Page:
The process of transfer of pollengrains from the anther to the stigma of
flower is called pollination
Essential for fertilization and development of embryo
Depending on the source of pollen, pollination is of 3 types
Transfer of pollen grains from the anther to the stigma of the same flower
Conditions for autogamy:
Flower must be bisexual
Synchrony in the pollen release and stigma receptivity.The anther and pistil mature simultaneously
Anther and stigma lie close to each other
Some plants such as Viola (common pansy), Oxalis, and Commelina produce two types of flowers –
chasmogamous flowers , flowers with exposed anthers and stigma, and cleistogamous flowers which
do not open at all
Autogamy is the only method of pollination in cleistogamous flowers.
In such flowers, the anthers and stigma lie close to each other. When anthers dehisce in the flower
buds, pollen grains come in contact with the stigma to effect pollination.
Cleistogamous flowers produce assured seed-set even in the absence of pollinators
cleistogamy is advantageous or disadvantageous to the plant? Why?
Ans: inbreeding depression
Transfer of pollen grains from the anther to the stigma of another flower of
the same plant.
geitonogamy is functionally cross-pollination involving a pollinating agent
But genetically it is similar to autogamy since the pollen grains come from the
XENOGAMY/ CROSS POLLINATION/ ALLOGAMY
Outbreeding devices / Conditions for Xenogamy
Majority of flowering plants produce hermaphrodite flowers and pollen grains are likely to come in
contact with the stigma of the same flower.
Continued self-pollination result in inbreeding depression
Devices to prevent self pollination and to increase cross pollination are:
In some species, pollen release and stigma receptivity not synchronized
Either the pollen is released before the stigma becomes receptive or stigma becomes receptive
much before the release of pollen
the anther and stigma are placed at different positions so that the pollen cannot come in contact
with the stigma of the same flower
Plant monoecious- unisexual flowers- prevent autogamy Eg; Maize,Caster
Plant dioecious- male & female flowers different plant- prevent both autogamy and geitonogamy
Eg; Datepalm, papaya
self-incompatibility- Genetic mechanism that prevents the germination of pollengrains on the stigma
of same flower/ another flower of the same plant.
External agents which help in pollination
2 types- Abiotic agents- Wind, Water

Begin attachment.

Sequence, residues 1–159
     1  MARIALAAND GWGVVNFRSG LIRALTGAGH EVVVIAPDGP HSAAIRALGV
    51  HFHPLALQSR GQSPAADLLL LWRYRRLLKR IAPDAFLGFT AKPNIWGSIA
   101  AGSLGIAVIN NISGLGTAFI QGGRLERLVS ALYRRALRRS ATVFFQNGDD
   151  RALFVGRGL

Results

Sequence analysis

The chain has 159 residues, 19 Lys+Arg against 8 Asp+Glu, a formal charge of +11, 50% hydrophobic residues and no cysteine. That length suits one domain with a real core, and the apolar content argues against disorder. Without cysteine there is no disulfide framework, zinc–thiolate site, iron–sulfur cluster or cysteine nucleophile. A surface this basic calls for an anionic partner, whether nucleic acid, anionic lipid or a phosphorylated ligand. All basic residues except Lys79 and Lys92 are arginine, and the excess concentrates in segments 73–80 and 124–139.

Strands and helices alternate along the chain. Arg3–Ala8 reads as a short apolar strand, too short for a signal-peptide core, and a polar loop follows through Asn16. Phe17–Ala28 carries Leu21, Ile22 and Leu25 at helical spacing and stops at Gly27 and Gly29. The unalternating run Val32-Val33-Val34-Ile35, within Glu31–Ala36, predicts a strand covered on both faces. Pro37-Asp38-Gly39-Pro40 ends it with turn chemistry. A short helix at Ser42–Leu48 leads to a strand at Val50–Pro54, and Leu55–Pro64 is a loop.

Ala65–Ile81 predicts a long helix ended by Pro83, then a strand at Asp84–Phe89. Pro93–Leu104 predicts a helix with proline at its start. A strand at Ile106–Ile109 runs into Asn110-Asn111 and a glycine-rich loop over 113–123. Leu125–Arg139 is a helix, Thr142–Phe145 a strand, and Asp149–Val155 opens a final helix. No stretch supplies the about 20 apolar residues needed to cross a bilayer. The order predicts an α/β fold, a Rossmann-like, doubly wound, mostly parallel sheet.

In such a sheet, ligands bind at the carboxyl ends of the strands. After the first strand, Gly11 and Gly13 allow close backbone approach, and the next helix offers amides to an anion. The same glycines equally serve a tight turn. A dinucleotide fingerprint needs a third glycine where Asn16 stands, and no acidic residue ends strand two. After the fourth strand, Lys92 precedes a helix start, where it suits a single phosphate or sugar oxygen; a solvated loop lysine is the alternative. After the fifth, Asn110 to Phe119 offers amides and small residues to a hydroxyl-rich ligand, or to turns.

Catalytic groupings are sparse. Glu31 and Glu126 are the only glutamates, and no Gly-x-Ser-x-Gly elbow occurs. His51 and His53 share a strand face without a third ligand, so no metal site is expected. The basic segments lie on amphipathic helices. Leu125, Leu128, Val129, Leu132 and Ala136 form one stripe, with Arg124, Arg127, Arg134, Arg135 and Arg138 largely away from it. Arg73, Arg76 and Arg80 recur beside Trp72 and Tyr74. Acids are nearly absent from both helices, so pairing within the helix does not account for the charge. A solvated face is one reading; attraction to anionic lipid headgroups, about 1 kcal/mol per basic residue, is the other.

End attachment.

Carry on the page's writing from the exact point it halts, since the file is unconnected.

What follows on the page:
Biotic agents- Insects, birds, reptiles, mammals
ABIOTIC AGENTS: The contact of pollengrains with stigma is a chance factor
both in wind & in water pollination. So only small no: of plants use abiotic
agents for pollination.
WIND POLLINATION ( Anemophily)
Produce large no: of pollengrains
Pollen grain are light, dry & non sticky-transported in wind currents
Sometimes they have wing like structures : eg; Pinus
Stigma is large, feathery –trap air borne pollengrains
Flowers normally have a single ovule in the ovary
Flowers are arranged as infloresense : eg; corn cob
Eg: Grasses, maize, cannabis
WATER POLLINATED ( Hydrophily)
rare in flowering plant , limited to about 30 genera, mostly monocotyledons.
In lower plant groups such as bryophytes & pteridophytes water is the
medium of transport of male gamates.
for some bryophytes and pteridophytes, their distribution is limited because
of the need for water for the transport of male gametes and fertilisation.
Pollengrains are light & protected from decaying- mucilaginous covering
Stigma is sticky and unwetable due to waxy coating
Eg: Vallisneria, zostera, hydrilla
In vallisneria, the female flower reach the surface of water by the long stalk and the
male flowers or pollen grains are released on to the surface of water, reach female
flower through water current. After pollination female flower sinks down.
In Zostera ( Sea grasses), female flowers remain submerged in water and the pollen
grains are released inside the water.They are long and ribbon like. They coil around
female flowers and pollination takes place.
All aquatic plants do not use hydrophily.
Majority of aquatic plants flowers emerge above the level of water and are pollinated by
insects or by wind
Eg: Water hyacint
INSECT POLLINATION ( Entomophily)
Flowers are large,if small they are grouped in inflorescence
Flowers are brightly coloured, scented/ with foul odour ( flies, beetle
Pollengrains & stigma are sticky
Nectar and pollen grains are the usual floral rewards
Eg; Jasmine, Sunflower.
BIRDS POLLINATION ( Ornithophily)
Flowers are large & funnel shaped
Produce large amount of nectar
Pollen grains are sticky
Animal pollinated flowers give certain rewards to the pollinators.Explain it?
Ans: The flowers provide nectar & pollengrains as food
Some species provide safe place for laying egg, Eg; Amorphophalis & Yucca
A species of moth and the plant Yucca– cannot complete their life cycles without each other.
The moth deposits its eggs in the locule of the ovary and the flower, in turn, gets pollinated
by the moth. The larvae of the moth come out of the eggs as the seeds start developing.
Importance of pollination
Pollination leads to fertilization, production of seeds and fruits
Cross pollination- genetic recombination- new species
Cross pollination- disease resistant, high yielding plant varieties
Productivity can be increased by the availability of suitable pollinating agents
Seeds and fruit formed after fertilization- source of nutrients for animals
Essential for the perpetuation of species